Do you think you'll always write bittersweet love songs?
I think so. When you are in that moment in life, you need these songs. Happy songs -- some other people can write them. I am not that kind of person.
Have you noticed a gay following of your music?
With Disco Romance I noticed it. It was from gay clubs in San Francisco that we got offers to perform and not so many other clubs.
What is the gay scene like in Gothenburg, where you were?
The gay clubs are always the merriest clubs, with the nicest music -- maybe because I like that kind of music. It is where people seem more open.
Where is your favorite spot to go dancing/
Greta is an old lady's name, but Greta's is the best gay club to go to in Gothenburg. I also like Club Skoldisco. It is very nice, with people dressing like the '80s.
Back to your bittersweet music. Have you had your heart broken recently?
That's too personal. These songs do come from my and Johan's experience. Most romantic feelings and moments on the album are told in a way that you might write them in a diary.
Are you seeing anyone now?
That is also too private.
I had heard you were interested in women. Are you interested in both men and women?
How long have you known this?
Since high school.
You never mentioned this when we talked last time.
You didn't ask.
Have you dated a woman?
That is also too personal. I can say I am more of a novice in the woman's side than in the man's side.
Do you think you'll ever write about getting into a relationship with a woman in your music?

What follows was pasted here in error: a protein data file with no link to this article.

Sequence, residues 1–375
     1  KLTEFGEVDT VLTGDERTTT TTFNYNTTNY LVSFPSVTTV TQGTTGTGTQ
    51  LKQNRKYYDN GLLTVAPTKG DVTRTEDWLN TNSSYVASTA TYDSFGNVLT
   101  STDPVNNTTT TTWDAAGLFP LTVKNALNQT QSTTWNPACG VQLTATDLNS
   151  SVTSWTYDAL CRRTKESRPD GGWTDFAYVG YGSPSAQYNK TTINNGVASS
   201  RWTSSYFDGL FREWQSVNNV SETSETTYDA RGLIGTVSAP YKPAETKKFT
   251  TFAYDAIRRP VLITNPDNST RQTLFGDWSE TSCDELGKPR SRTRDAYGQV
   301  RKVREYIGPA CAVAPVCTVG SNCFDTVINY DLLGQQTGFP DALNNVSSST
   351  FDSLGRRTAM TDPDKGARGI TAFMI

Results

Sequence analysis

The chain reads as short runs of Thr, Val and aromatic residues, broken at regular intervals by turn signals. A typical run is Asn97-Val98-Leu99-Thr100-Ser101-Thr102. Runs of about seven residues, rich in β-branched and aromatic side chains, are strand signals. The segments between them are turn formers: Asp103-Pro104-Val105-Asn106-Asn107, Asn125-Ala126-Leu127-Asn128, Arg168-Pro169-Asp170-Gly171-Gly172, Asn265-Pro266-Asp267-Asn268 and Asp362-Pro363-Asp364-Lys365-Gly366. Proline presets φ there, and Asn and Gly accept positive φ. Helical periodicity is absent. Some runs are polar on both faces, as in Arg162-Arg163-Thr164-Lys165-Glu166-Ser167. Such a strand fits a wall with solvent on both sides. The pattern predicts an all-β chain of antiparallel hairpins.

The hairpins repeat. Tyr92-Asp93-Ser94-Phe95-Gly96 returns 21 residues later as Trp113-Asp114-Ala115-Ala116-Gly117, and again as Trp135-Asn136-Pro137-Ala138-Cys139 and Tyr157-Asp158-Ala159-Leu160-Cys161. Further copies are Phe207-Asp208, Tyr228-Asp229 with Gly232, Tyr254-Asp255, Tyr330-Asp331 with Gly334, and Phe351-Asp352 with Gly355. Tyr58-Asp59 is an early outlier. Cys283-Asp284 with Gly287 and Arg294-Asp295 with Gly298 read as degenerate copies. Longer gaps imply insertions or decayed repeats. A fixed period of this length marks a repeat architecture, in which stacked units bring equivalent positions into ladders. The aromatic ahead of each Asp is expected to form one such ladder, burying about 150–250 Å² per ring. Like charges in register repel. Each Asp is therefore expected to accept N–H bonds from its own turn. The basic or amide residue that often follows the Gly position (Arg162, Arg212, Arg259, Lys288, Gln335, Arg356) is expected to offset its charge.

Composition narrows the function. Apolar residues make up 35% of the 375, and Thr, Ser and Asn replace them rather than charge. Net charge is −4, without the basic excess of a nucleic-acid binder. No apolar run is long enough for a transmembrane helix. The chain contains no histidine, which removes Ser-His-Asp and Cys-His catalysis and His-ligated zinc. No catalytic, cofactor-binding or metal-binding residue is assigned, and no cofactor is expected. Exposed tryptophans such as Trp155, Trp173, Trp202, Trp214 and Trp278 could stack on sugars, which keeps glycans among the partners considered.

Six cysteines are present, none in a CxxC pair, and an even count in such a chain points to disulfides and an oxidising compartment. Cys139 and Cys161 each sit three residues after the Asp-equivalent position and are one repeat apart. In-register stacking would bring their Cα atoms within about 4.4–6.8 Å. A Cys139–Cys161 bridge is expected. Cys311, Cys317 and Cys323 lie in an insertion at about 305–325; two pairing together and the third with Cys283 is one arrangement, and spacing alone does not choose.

I hope I will. And with some of the lyrics, I think you can imagine what you want. It's not out of the question.
Have you written a song yet with a woman in mind?
Well, they are not on the record.
Do you think we'll ever hear it?
No, because it is not good enough.
Is Johan still never allowed in the room when you record the vocals for the songs?
No. When I recorded the first songs, he had to really persuade me to do it, but now he doesn't really have to persuade me. Now I do it because I want to do it. He is forbidden to come in, but sometimes he does it and then I stop singing. But it doesn't feel as bad as it did in the beginning.
If you were to perform live, what do you think a Sally Shapiro show would look like? How do you envision it?
I have envisioned it in different ways. When I first thought about it, I thought it would be more of a show, with male dancers in tight pants and a lot of hair pointing every way, dancing in a very '80s way. Now I think if I do a show, it would be calmer, probably just Johan and me with a movie in the background -- not so dance-y.
Speaking of the new album, what is your guilty pleasure?
A year ago I would've said disco, but now it's musicals and movies. Hugh Grant movies -- like, I'll watch them three times in a row.
What's you're favorite Hugh Grant movie?
I like Notting Hill. It's fantastic, the best one. But then I also like Music and Lyrics.
With Drew Barrymore, right?
Yes, I could say I have a crush on Drew Barrymore.
My Guilty Pleasure is now available digitally and in stores. For more info on Sally Shapiro, check out their website.